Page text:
Time, please stop.

Dear time, please stop and let me enjoy this moment!

That’s exactly what I was thinking as I was sitting in church on Sunday, halfway through our pastor’s sermon. The church service was great. The pews were full of people, mostly in red, on this first Sunday of Advent. The music was incredible, as always, and the sermon was a good one, titled “Light in the Darkness.”

The service, the music, nor the sermon, all great, but none having anything to do with my desire to ask time to stop.

During the past year, being separated from my wife, I have struggled with many emotions, but none more so than worrying about the kids and how their little minds and hearts are handling it all. I worry about how divorce will impact their future, and selfishly, how it is affecting their relationship with me as their dad.

As their father, I want my children to know that I am always there for them, that I am strong, dependable and that my love for them is unwavering and that they should never, ever, doubt my love for them. I want them to know that while the relationship between their mom and dad has changed, the relationship between them and their parents has not changed one bit.

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Going through separation and divorce, however, has made it difficult for me to remain confident that my children know that I am still their rock, that I am still there for them no matter what is going on in their lives.

I believe it has been difficult for me to remain confident in that because I can’t be with them, physically, all the time, anymore. I can’t always be there for them when they get hurt, or if they just want to hop up in my lap and snuggle like they previously could do.

The separation from my kids, when they aren’t with me, seems to allow doubt to creep into my mind, making me believe that their confidence in me, as their dad, has diminished for some reason. My mind goes into overdrive wondering, do they know that I will always be there for them, that I will always be the rock that they can lean on when they need me.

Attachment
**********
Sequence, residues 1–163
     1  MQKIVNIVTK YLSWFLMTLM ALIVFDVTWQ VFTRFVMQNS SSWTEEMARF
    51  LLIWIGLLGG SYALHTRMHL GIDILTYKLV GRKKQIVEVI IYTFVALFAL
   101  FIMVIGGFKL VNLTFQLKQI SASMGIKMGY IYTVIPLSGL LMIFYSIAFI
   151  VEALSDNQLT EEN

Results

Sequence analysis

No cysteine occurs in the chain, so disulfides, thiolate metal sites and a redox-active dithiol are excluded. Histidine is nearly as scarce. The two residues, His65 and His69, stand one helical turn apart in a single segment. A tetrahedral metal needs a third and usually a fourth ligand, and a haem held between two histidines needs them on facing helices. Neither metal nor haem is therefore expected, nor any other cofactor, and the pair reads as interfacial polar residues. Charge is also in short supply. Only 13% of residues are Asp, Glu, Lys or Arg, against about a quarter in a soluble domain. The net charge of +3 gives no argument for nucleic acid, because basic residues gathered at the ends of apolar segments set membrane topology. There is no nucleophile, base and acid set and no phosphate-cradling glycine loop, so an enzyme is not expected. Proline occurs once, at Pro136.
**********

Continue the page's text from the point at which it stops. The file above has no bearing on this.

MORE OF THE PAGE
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Sitting in the pew at church on Sunday, those doubts disappeared. Halfway through the sermon, Christopher laid his head in my lap and Hannah, my teenage daughter, gently laid her head on my shoulder.

For ten minutes, I could not think about anything else, other than the overwhelming feeling of affirmation that my kids knew their daddy was there for them, that I was their rock to lean on and they knew I would always be there for them!

We can’t stop time, but we can forever hold on to, and cherish, those special moments that make us wish we could.

As a footnote…. I wrote this draft sitting in the Barnes and Noble Sunday afternoon when tears started rolling down my cheek. A guy across the way noticed. At one point in my life I would have “manned up” and held in those tears…”men don’t cry.” But, Im not that man and I didn’t care what he thought may be going on in my life. I’m a dad and dads can cry.

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